56 mile BIKE (Jim) : 4:06:22
Jim's overall observation of the 56-mile SAVAGEMAN bike course, "This was worse than Mountains of Misery" a course that Jim has completed twice in the last few years. Mountains of Misery is a course that is a 104 mile hilly century with a final climb of finish with the 5 kilometer, Category 1 climb with an average grade of 11.9%, and sections up to 16%.
For comparison, SAVAGEMAN boasts a bike course of only 56 miles but in that 56 miles include over 5,700 feet of climbing with both long gradual climbs and short, steep pitches. The first 18 and final 10 miles are mostly down hill but the middle 30 miles include 8 climbs with maximum grades of 7-23% and average grades of 4-12%. This is NOT your AVERAGE Half Ironman Bike Course!
Jim did a fantastic time on this challenging course! I am super proud of his effort and was very excited to be heading onto a half Ironman run in the MIDDLE OF THE PACK for a change!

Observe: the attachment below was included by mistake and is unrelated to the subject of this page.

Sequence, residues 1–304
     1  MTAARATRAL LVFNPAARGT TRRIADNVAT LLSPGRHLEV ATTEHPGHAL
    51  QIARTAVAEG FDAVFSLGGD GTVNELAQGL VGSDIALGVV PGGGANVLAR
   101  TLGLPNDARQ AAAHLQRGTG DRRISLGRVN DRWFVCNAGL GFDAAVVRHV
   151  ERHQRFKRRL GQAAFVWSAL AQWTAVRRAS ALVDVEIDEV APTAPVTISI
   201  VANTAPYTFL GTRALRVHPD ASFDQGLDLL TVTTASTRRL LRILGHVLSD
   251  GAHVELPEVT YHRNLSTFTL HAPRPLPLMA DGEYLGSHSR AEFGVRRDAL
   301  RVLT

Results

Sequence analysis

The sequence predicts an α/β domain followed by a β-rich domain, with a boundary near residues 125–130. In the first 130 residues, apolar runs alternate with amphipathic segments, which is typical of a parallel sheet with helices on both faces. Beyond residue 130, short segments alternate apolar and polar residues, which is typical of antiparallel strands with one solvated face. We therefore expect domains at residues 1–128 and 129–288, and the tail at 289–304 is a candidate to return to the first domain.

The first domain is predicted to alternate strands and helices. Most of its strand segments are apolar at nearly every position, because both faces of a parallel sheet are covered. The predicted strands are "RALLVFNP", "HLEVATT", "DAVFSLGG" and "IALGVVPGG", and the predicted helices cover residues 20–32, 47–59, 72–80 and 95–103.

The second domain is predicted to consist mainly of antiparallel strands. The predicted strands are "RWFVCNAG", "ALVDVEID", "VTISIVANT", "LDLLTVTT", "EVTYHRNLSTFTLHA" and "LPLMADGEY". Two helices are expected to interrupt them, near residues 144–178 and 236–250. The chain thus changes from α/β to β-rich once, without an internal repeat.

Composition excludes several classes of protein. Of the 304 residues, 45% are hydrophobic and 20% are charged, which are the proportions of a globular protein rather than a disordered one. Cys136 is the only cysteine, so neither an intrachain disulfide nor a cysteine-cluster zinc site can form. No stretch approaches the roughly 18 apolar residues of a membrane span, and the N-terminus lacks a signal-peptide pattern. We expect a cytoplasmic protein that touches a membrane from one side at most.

13.1 mile RUN (Holly): 3:04:21
First of all, folks in the Middle of the Pack are just as encouraging and supportive as the Back of the Pack! Something about "suffering together" makes most triathletes pretty friendly. I think its one of the reason I love the sport. On a hard course, it sucks for everybody so you might as well cheer each other on and make jokes when you can.
I did my part to cheer folks up by wearing the COOLEST RUNNING SKIRT ever! I found the skirt at the IronGirl Columbia Race Expo in August and I instantly knew that I had to have it! It is Black and Neon Green ZEBRA Stripes and just screamed TEAM Z to me! I got more compliments and smiles for wearing that skirt at Savageman from both male and female racers than I could even count and believe me on that race course, we were all looking for any reason to smile.